Over the first few weeks in my role as User Experience designer in the Digital Team I've been working on a redesign of the main Students homepage. We're using the layout and styling of the First Year Student homepage as a starting point to ensure visual consistency across the student experience.
We've conducted a whole swathe of user testing and stat analysis and are using what we've gained from this to inform our initial wireframes and prototypes.
Here are a few quick insights into the process I use to create these initial designs.
Kicking off the process
You've reviewed the stats, checked the heat maps, written user tests and grabbed feedback from real users during face-to-face testing. Where next?
Me? I grab the Sharpies, a bunch of stickies and some rough paper and start sketching. I start by loosely outlining ideas for page layout, key elements or modules and some thoughts on possible user interactions.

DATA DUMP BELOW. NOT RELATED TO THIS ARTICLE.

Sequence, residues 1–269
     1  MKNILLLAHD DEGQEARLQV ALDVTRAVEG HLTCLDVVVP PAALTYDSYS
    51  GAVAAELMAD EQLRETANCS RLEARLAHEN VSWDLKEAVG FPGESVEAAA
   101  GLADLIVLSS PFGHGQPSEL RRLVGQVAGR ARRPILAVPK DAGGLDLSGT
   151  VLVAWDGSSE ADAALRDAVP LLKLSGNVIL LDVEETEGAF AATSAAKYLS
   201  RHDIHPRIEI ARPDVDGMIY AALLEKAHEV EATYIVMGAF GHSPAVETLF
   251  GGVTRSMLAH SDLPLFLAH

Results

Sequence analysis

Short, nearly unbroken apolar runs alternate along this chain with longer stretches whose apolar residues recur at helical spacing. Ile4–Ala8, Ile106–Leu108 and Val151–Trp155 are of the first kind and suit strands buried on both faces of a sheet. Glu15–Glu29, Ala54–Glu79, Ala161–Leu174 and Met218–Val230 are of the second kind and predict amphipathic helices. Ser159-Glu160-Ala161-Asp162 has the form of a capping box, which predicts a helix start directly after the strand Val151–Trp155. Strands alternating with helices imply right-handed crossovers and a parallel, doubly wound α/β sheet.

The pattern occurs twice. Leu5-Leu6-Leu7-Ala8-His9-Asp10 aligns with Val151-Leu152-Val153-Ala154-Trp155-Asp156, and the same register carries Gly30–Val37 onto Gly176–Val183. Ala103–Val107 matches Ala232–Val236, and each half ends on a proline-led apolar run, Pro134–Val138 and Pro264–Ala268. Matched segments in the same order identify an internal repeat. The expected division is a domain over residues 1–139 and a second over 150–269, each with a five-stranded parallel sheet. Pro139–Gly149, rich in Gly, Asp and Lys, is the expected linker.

Sharpies, stickies & sketching
I love iterating initial designs on paper. As a designer, it's refreshing to not be precious about these quick sketches. Stick a set of paper wireframes in front of other team members for their feedback and they feel comfortable to tear, edit, stick or scribble their thoughts directly on the page. Ideas can flow without being restricted by the medium.
Once the pens have run dry, I'll consolidate all the feedback and sketch up a more… considered wireframe. I try to keep my colouring within the lines on this one.
This 'tidier' iteration can be used for some interim quick 'n easy user testing to gather feedback on specific tasks – “How would you find your tutor's contact email on this page?” – but I'm usually itching to get something in the browser before then.
Prototyping in the browser
As part of our ongoing investigations into Zurb Foundation framework I'm keen to conduct the next stage of our user testing on the revised student homepage design in the browser using real HTML & CSS content.
Supported by Foundation 5, it's a swift process to create a live prototype with active links, rollover states and a sprinkling of other interactive elements. The prototype now looks and behaves like a real web page. With the prototype in hand we can expand our user testing tasks appropriately, asking more detailed questions of our users and gaining further insight into the success of our revised design.
Now to find some more students…